Thematically speaking Parasomnia speaks about the dangers of handing ones mind over to a madman selling dark dreams and lies. Illusions that can enter our minds and render us powerless, like Laura sleeping in her hospital bed unable to do anything about her life. In Lord of Illusions, Nix (the films villain) is a religious leader who controls the minds of his followers and lies to them in order to use them for his own dark purposes the same way Byron Volpe does on this film. In Parasomnia, the villains’ powers reside in the words he uses which alludes to the power of words and ideas and how they can enter our minds to paint of a landscape of what is “the truth”. The right words and ideas can manipulate our view of the world, and twist it, taking it far away from reality or truth. A good speaker can make us think and do horrible things, much like Hitler did in his day, much like many religious leaders have done as well. I found it extremely interesting that the person who comes to save Laura from her dark sleep is an artist. Usually, in films (and in real life as well) artists are liberals who don’t subscribe to any religious or political point of view. I think this is one of the messages that the film is trying to put across. The idea that art can set us free from mental slavery. The idea that through the exploration of our feelings and the expression of our inner self through art we can really get to know ourselves, who we really are instead of being who others want us to be. I definitely enjoyed the films themes in this sense.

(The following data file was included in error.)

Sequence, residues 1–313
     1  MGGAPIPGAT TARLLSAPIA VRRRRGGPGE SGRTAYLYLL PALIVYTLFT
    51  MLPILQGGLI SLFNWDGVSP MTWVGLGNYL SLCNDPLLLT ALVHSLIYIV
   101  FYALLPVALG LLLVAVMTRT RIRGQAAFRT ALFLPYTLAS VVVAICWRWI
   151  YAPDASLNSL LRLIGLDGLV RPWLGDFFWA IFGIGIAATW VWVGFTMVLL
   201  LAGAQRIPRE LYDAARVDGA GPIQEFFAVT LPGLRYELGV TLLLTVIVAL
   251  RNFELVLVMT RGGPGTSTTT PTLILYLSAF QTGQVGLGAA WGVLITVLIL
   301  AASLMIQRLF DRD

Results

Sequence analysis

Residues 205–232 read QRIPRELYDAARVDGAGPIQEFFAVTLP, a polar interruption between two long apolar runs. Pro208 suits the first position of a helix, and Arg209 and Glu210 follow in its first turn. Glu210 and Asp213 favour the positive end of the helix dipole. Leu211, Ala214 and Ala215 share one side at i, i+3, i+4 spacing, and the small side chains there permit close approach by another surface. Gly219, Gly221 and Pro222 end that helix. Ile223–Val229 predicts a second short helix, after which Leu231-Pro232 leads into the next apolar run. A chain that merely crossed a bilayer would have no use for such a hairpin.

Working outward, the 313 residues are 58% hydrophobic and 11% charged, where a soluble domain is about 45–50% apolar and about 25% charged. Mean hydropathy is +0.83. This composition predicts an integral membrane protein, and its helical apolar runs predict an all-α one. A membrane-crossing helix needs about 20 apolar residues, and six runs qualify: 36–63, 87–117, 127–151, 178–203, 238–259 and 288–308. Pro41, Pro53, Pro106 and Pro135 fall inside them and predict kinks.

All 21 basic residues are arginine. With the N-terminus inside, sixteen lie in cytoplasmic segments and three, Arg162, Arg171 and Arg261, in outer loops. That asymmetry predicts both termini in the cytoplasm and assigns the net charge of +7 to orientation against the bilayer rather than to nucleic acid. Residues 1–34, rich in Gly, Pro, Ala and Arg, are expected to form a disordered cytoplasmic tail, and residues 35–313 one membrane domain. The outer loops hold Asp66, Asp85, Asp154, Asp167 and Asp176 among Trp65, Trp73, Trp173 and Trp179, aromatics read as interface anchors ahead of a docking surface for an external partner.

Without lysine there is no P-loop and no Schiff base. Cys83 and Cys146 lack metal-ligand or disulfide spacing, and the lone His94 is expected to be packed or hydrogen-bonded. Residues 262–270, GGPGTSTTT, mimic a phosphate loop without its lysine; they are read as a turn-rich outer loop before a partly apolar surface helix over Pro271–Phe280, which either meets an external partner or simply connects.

Cabinet of Dr. Caligari anyone?
But by far, Parasomnia’s biggest attraction are its images. There are long passages in the film where not a word is spoken, where we are simply meant to dive into the dark world that Malone has created which feels like a mix of something that Clive Barker and Tim Burton might have cooked up after watching the German expressionism film The Cabinet of Dr. Caligari (1920). Speaking of The Cabinet of Dr. Caligari, Parasomnia also has some similarities with that film, especially when we see that both films deal with a powerful hypnotist who controls a somnambulist and makes it do his bidding, in fact, at one moment, the villain places Laura inside of a coffin, same as Dr. Caligari does with his sonambulist. The grand finale of the film falls within the realm of the campy and the theatrical, resembling something out of The Abominable Mr. Phibes (1971). Parasomnia is a visually interesting film, Malone brings back that sort of dark gothic imagery he showed us in House on Haunted Hill (1999) where images seemed to be in fast forward at times, resembling something out of Adrianne Lyne’s Jacob’s Ladder (1990). The whole film is like one long dark dream, interlaced with a psychological thriller. Recommend it if you are in the mood for a film with a strong stylistic and visual sense.
Rating: 3 out of 5